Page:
John Little had only been at his new job at Central Wyoming College for a few weeks when he volunteered to take on a big assignment — one that would ultimately test his skills as a filmmaker and as an instructor.
Little, who was hired to start a new film program at Central at the request of the Wyoming Film Board, offered to create a video for the Wyoming Summit on Community Colleges. The film included stories on students, alumni and community partners from all seven of Wyoming’s community colleges and is being shown in Cheyenne to Gov. Matt Mead, state officials, college presidents and board members and industry partners in December.
In a very small window of time, Little developed the concept, was involved in the majority of the filming, directed, produced and edited the video though he also turned it into a class project for three of his film courses.
“It was a great class experience,” Little said. “They literally had hundreds of hours of practical experience, the kind of hands-on training that is really important for film students.”
Little and his students traveled more than 2,000 miles to visit every college campus from Sheridan to Torrington to shoot “tons and tons” of film. He essentially threw the original syllabi for his classes out the window and utilized the task as teaching moments. “It was less about books and more about the real world,” he said.
The project was so successful, he is pocketing his syllabi and his students are out making a film on their own. “They have really knocked my socks off,” said Little, who has traveled and lived all over the world making films. The classes are working on a 15-minute film based on the legends of the haunted Acme Theater in Riverton, which will be shown to the public in December.
“I’m stepping back and letting them do it,” he said of the students who have been assigned tasks as producers, directors, editors and actors. “Based on the experience of the summit film, they’ve really got their act together.”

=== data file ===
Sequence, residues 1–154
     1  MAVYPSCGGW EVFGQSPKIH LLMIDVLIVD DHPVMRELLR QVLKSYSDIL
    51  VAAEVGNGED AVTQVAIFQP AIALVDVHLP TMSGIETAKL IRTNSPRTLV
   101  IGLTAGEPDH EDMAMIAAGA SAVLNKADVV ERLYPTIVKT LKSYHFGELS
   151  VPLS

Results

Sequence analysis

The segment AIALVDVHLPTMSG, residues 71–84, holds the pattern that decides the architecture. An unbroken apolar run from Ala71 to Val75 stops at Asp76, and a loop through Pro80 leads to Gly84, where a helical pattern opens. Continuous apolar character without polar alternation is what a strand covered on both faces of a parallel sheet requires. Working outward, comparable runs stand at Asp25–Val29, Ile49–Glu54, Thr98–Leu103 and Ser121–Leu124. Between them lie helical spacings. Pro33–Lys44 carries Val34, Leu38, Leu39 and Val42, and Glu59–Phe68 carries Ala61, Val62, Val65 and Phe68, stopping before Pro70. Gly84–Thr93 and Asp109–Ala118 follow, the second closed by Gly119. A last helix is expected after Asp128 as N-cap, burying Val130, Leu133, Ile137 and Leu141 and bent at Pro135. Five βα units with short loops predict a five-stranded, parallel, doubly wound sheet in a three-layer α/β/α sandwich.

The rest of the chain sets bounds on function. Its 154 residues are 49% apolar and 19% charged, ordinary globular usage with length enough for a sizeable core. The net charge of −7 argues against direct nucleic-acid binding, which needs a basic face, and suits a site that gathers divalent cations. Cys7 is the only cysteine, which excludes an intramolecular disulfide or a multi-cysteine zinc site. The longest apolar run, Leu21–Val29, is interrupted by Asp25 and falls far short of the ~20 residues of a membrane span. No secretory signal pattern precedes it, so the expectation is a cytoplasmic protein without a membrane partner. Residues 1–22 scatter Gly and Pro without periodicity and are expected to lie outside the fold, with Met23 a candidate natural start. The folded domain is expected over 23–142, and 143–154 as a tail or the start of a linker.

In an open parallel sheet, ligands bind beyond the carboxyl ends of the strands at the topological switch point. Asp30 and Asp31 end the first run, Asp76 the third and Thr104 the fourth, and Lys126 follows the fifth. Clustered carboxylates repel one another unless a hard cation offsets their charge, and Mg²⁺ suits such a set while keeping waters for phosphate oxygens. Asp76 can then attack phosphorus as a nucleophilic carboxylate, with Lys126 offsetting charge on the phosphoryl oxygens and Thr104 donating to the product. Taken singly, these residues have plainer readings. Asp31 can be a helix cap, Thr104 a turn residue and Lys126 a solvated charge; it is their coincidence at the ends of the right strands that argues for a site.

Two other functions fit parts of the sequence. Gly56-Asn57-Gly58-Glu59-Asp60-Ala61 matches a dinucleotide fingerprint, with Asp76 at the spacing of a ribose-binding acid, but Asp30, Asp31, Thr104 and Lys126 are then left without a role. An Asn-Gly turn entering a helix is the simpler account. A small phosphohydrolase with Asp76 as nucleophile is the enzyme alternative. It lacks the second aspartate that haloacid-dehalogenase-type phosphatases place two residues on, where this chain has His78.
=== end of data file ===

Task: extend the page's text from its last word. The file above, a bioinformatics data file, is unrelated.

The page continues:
Several of his students came out of Amanda Nicholoff’s television program and worked as production assistants on an independent film and on the TV series Modern Family that were shot in Wyoming this summer.
And using Wyoming as a backdrop for film and television was the entire reason the Wyoming Film Board came to CWC about starting the film program. The state can attract more filmmakers here if there is an educated workforce to assist. “That’s what we’ve set out to do,” said Little, a former physicist who has made literally hundreds of science-based documentaries and entertainment films for the Science and Discovery channels as well as at Montana PBS.
Little was drawn back to academia and taught film and television at the University of Wisconsin at Stevens Point until he was awarded a Fulbright professorship to teach film and communication in the Middle East in Oman. Research took him to central east Africa, to the island of Zanzibar, where he started a charity project and obtained 40 computers for a trio of very poor schools.
He purchased land on Zanzibar and plans to build a film institute and hostel for visiting volunteer teachers.